Segmentation fault is the operating system sending a signal to the program saying that it has detected illegal memory access and is prematurely terminating the program to prevent memory from being corrupted.

“segmentation” is the concept of each process on your computer having its own distinct virtual address space. Thus, when Process A reads memory location 0x875, it reads information residing at a different physical location in RAM than when Process B reads its own 0x875.

A segmentation fault is when your program attempts to access memory it has either not been assigned by the operating system or is otherwise not allowed to access. All modern operating systems support and use segmentation, and so all can produce a segmentation fault.

To deal with a segmentation fault, fix the code causing it. It is generally indicative of poor programming, especially boundary-condition errors, incorrect pointer manipulation, or invalid assumptions about shared libraries. Sometimes segfaults, like any problem, may be caused by faulty hardware, but this is usually not the case.

Segmentation fault is also caused by hardware failures, in this case, the RAM memories. This is the less common cause, but if you don’t find an error in your code, maybe a memtest could help you.

In computing, a segmentation fault (often shortened to segfault) or access violation is a fault raised by hardware with memory protection, notifying an operating system (OS) about a memory access violation.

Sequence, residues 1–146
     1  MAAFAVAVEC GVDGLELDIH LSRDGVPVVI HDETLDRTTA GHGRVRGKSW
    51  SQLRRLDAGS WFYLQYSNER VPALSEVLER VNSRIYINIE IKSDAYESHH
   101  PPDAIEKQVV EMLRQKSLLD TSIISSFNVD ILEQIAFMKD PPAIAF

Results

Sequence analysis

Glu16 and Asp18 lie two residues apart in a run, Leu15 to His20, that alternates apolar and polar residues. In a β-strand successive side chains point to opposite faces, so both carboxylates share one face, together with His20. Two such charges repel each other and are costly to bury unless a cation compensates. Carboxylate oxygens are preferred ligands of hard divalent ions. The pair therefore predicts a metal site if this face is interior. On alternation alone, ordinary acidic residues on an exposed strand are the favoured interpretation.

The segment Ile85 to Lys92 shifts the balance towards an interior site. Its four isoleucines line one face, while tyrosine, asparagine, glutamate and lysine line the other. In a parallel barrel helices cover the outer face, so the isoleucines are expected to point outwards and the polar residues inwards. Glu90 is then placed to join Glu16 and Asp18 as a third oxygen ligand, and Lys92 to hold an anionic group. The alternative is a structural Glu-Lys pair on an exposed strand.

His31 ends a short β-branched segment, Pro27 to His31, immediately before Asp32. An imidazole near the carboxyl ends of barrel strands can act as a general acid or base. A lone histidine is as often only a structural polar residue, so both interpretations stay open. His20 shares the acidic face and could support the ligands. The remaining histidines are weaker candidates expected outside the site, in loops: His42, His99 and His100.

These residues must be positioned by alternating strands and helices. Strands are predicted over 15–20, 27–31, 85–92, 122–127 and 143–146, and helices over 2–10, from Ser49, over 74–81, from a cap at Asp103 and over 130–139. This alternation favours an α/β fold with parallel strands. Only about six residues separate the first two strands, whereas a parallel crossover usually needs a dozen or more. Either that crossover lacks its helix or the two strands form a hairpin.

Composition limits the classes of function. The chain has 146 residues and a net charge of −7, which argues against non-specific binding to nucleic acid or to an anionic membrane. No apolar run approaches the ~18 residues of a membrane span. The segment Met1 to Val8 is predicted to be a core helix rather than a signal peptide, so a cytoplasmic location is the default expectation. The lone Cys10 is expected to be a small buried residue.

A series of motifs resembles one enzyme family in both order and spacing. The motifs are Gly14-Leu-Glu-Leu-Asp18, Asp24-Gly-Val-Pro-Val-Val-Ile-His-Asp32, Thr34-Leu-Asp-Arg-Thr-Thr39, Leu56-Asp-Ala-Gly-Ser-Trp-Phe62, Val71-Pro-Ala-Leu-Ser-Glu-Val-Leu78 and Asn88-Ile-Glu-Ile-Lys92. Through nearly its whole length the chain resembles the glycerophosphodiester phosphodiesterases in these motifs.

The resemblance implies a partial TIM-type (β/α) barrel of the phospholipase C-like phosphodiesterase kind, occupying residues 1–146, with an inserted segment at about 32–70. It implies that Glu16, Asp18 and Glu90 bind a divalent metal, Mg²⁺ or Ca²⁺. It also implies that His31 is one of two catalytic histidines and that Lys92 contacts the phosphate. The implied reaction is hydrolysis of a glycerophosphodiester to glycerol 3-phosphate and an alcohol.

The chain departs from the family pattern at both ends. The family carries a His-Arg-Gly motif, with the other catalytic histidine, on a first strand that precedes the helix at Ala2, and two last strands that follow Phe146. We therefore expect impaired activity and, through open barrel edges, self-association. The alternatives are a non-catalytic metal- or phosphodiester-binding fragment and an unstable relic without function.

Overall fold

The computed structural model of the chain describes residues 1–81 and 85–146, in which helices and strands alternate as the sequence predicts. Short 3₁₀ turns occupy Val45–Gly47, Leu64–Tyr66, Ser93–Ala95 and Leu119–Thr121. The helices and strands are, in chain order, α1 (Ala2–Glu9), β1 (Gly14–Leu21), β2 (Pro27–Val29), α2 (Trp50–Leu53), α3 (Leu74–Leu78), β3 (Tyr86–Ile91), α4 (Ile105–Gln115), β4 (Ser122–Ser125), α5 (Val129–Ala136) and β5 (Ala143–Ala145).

Some typical causes of a segmentation fault:

  • Dereferencing NULL pointers – this is special-cased by memory management hardware
  • Attempting to access a nonexistent memory address (outside process’s address space)
  • Attempting to access memory the program does not have rights to (such as kernel structures in process context)
  • Attempting to write read-only memory (such as code segment)

Programming errors that result in invalid memory access:

  • Dereferencing or assigning to an uninitialized pointer (wild pointer, which points to a random memory address)
  • Dereferencing or assigning to a freed pointer (dangling pointer, which points to memory that has been freed/deallocated/deleted)
  • A buffer overflow.
  • A stack overflow.
  • Attempting to execute a program that does not compile correctly. (Some compilers will output an executable file despite the presence of compile-time errors.)

Examples for segmentation fault:

There are many ways to get a segfault, we’ve mentioned simple examples from the lower-level languages such as C and C++.

A common way to get a segfault is to dereference a null pointer:

int *gs = NULL;
*gs = 1;

Another segfault happens when you try to write to a portion of memory that was marked as read-only:

char *gs = "Foo"; // Compiler marks the given constant string as read-only
*gs = 'b'; // Here, it is illegal and results in a segfault

Dangling pointer points to a thing that does not exist anymore, like here:

char *gs = NULL;
    char c;
    gs = &c;
// Now, gs is dangling

The pointer “gs” dangles because it points to the character variable “c” that ceased to exist after the block ended. And when you try to dereference dangling pointer (like *gs='A'), you would probably get a segfault.


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